Thursday, June 28, 2012

The Banana Handler

I've spent the last week on jury duty, deep in the dusty bowels of San Francisco Superior Court. Since I'm not at liberty to discuss the details of this ongoing criminal case, let me just say that attorneys, during the lengthy selection process, won't pass up a chance to fill their jury boxes with former Catholic altar boys like me, however lapsed. That, and the fact that a number of jury candidates suddenly professed a simultaneous disdain for a basic tenet of the U.S. Constitution, is how I became Juror #3.

One incident that remains with me, though, is the type of observation that obsesses me for days whenever I reluctantly succumb to spending time in close contact my fellow humans -- or worse, a jury of my peers. One afternoon in the Jury Assembly Room, a vast hall where jurors can waste hours waiting to be called to duty or dismissed, I was tapping away at my laptop, trying from afar to keep my staff from rapidly going rogue, when I heard someone sit down at the next table. It was another member of my jury, a young man with the sun-touched look of a landscaper but who, much to my surprise when we were asked to state our professions, turns out to somehow be in finance. I watched him remove his lunch from his knapsack, each piece in a specially-designed, store-bought container: sandwich holder, drink receptacle, etc. Then he pulled out a curved, oblong yellow plastic object that reminded me of the gimmicky telephones that were produced in the 1980s, the ones that resembled hamburgers or Garfield the Cat. He set it down on the table, snapped it open, and removed a banana from it.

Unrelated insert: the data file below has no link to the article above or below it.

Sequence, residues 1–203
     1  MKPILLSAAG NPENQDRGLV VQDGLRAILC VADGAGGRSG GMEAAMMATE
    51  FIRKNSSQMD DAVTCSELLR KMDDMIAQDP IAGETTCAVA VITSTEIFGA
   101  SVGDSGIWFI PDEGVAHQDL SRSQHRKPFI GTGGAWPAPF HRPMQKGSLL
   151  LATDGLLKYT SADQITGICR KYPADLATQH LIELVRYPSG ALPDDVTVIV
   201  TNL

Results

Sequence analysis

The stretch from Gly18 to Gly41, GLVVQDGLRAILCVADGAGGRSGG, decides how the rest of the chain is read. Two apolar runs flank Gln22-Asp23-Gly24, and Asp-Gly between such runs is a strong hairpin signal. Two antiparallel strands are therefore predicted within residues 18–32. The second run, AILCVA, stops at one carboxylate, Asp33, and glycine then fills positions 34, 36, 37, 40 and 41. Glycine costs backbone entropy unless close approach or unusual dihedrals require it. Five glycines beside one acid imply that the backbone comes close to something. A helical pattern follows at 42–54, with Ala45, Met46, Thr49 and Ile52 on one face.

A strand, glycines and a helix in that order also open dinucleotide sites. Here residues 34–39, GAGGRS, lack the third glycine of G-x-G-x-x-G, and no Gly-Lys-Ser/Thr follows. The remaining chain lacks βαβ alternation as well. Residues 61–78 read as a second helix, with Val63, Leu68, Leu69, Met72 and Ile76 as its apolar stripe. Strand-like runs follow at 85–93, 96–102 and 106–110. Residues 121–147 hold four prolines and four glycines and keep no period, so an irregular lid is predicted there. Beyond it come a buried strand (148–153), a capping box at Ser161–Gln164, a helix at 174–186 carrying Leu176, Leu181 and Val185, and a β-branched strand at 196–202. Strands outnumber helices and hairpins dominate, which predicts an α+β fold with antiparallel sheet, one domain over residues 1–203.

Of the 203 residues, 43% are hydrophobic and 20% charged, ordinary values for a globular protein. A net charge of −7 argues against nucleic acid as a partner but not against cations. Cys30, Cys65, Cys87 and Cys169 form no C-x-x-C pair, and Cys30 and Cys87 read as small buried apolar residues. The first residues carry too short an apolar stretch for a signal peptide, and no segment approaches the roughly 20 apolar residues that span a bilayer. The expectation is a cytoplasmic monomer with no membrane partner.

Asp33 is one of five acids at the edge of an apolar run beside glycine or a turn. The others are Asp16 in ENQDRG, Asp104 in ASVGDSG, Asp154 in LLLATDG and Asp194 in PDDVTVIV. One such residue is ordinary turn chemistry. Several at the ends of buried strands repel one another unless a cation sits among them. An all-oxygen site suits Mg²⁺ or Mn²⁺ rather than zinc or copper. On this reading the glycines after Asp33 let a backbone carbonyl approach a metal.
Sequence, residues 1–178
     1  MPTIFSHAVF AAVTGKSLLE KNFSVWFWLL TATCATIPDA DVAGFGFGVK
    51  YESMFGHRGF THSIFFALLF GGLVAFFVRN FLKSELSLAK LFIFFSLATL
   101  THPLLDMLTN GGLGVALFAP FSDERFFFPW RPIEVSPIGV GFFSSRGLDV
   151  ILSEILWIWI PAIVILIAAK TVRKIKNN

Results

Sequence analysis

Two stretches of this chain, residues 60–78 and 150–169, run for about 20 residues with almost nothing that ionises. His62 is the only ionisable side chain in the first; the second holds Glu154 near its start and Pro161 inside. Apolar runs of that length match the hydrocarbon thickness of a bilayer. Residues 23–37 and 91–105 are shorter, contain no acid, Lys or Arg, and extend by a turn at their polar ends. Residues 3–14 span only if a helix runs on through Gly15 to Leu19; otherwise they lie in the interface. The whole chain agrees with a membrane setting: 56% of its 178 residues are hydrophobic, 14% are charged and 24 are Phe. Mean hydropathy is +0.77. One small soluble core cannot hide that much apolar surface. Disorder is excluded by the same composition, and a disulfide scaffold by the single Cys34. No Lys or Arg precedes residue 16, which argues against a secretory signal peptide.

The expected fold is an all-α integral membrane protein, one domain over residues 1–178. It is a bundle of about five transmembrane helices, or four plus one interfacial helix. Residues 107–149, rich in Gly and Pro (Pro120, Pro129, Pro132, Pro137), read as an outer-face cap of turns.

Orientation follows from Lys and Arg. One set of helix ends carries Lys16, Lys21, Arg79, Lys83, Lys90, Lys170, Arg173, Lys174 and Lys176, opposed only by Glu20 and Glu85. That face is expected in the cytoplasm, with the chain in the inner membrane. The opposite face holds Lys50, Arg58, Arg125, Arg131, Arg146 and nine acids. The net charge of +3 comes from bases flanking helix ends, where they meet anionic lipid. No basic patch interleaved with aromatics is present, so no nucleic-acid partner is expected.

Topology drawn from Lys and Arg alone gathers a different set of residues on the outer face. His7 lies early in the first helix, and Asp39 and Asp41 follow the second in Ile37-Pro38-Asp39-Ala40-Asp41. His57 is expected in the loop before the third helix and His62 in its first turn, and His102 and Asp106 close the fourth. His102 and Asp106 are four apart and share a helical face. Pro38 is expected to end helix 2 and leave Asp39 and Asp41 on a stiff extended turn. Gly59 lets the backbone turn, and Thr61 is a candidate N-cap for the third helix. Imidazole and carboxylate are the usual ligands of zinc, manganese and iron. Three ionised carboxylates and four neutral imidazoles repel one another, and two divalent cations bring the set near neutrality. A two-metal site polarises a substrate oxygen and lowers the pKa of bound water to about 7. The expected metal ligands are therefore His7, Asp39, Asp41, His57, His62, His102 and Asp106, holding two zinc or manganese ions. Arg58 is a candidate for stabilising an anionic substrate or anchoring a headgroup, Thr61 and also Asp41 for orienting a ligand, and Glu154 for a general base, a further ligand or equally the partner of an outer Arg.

Isn't the whole point of a banana that it's its own container? And what happens if your banana is more curved than your banana holder? Your Honor, I object!

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